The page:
Bulk disposal of endogenous marijuana-like substances in the brain
Degradation mechanism in synaptic vicinity described
Graduate School of Medicine / Faculty of Medicine
Increased neural activity in the brain triggers the postsynaptic release of the endocannabinoid 2-arachidonoylglycerol (2-AG), which has similar action to marijuana. Through retrograde signaling, 2-AG is known to inhibit the release of neurotransmitters at the synapse and to modulate the strength of synaptic transmission, but the mechanism by which it is removed from the synapse after completing its role remained unknown.
Professor Masanobu Kano at the University of Tokyo Graduate School of Medicine and his research group have confirmed that, out of the four types of synapses in the Purkinje cells of the cerebellum, monoacylglycerol lipase (MGL), the enzyme which degrades 2-AG, is present only in presynaptic terminals of parallel fibers and glial cells (Bergmann glia) near parallel fibers. Comparing normal mice with knockout mice that lack MGL, the researchers discovered that not only the 2-AG acting on MGL-rich parallel fiber synapses but also that acting on other MGL-deficient synapses were degraded similarly by MGL present in parallel fibers and surrounding Bergmann glia. In other words, even though MGL is present locally, it appears that the brain degrades 2-AG in a general and non-specific manner.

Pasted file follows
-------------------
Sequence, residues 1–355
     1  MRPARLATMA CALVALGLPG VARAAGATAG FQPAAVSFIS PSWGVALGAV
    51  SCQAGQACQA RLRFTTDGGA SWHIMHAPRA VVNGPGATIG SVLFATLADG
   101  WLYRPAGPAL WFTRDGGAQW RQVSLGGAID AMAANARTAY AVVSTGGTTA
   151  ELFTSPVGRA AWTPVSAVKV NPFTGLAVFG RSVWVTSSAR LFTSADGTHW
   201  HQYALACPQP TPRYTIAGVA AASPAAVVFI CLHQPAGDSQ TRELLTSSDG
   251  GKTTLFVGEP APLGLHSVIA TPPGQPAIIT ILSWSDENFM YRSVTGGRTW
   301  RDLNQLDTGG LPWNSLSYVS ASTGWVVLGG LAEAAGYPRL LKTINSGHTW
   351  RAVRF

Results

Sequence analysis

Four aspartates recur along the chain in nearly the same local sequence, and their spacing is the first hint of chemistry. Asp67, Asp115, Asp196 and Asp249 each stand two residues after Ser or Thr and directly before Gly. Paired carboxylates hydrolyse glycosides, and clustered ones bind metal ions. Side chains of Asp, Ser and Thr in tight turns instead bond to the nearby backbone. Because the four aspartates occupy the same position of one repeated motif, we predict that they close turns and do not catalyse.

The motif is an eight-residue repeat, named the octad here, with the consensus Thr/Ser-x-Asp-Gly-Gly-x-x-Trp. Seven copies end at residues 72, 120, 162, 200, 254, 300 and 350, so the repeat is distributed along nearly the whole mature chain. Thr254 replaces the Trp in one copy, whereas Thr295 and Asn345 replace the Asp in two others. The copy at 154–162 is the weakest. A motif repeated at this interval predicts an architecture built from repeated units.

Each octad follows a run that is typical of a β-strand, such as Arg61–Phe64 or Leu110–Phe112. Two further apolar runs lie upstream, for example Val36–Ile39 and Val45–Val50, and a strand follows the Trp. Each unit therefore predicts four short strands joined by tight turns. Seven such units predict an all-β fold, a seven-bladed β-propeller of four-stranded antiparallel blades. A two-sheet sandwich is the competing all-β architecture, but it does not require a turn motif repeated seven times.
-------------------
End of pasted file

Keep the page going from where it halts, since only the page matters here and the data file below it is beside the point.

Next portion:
Blocking the action of MGL and suppressing the degradation of 2-AG to prolong its action may offer a new approach to developing a range of new anxiolytic, anti-depressive and analgesic medicines.Press release (Japanese)
Asami Tanimura, Motokazu Uchigashima, Maya Yamazaki, Naofumi Uesaka, Takayasu Mikuni, Manabu Abe, Kouichi Hashimoto, Masahiko Watanabe, Kenji Sakimura and Masanobu Kano,
“Synapse type-independent degradation of the endocannabinoid 2-arachidonoylglycerol after retrograde synaptic suppression”,
Proceedings of the National Academy of Sciences of the USA Online Edition: 2012/7/10 (Japan time), doi: 10.1073/pnas.1204404109.